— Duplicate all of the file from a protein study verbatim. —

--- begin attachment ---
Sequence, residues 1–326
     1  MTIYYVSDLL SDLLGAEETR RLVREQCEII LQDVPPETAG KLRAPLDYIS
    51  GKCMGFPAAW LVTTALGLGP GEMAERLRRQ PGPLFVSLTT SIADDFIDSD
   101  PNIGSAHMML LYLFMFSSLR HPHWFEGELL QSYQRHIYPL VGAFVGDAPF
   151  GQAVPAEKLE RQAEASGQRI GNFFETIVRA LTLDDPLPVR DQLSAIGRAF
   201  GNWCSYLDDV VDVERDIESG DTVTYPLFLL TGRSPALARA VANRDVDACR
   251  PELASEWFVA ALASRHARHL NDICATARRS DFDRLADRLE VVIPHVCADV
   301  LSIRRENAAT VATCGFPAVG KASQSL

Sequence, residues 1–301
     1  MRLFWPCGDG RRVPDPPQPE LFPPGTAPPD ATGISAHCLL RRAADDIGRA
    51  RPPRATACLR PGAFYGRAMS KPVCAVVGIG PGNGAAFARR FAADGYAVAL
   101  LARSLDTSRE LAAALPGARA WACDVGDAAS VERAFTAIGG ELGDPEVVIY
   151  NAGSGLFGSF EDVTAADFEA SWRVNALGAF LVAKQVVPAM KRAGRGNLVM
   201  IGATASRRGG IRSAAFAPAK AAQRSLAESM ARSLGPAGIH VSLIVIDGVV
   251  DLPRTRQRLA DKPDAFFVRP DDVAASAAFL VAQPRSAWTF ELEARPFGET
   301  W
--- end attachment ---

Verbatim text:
Sequence, residues 1–326
     1  MTIYYVSDLL SDLLGAEETR RLVREQCEII LQDVPPETAG KLRAPLDYIS
    51  GKCMGFPAAW LVTTALGLGP GEMAERLRRQ PGPLFVSLTT SIADDFIDSD
   101  PNIGSAHMML LYLFMFSSLR HPHWFEGELL QSYQRHIYPL VGAFVGDAPF
   151  GQAVPAEKLE RQAEASGQRI GNFFETIVRA LTLDDPLPVR DQLSAIGRAF
   201  GNWCSYLDDV VDVERDIESG DTVTYPLFLL TGRSPALARA VANRDVDACR
   251  PELASEWFVA ALASRHARHL NDICATARRS DFDRLADRLE VVIPHVCADV
   301  LSIRRENAAT VATCGFPAVG KASQSL

Sequence, residues 1–301
     1  MRLFWPCGDG RRVPDPPQPE LFPPGTAPPD ATGISAHCLL RRAADDIGRA
    51  RPPRATACLR PGAFYGRAMS KPVCAVVGIG PGNGAAFARR FAADGYAVAL
   101  LARSLDTSRE LAAALPGARA WACDVGDAAS VERAFTAIGG ELGDPEVVIY
   151  NAGSGLFGSF EDVTAADFEA SWRVNALGAF LVAKQVVPAM KRAGRGNLVM
   201  IGATASRRGG IRSAAFAPAK AAQRSLAESM ARSLGPAGIH VSLIVIDGVV
   251  DLPRTRQRLA DKPDAFFVRP DDVAASAAFL VAQPRSAWTF ELEARPFGET
   301  W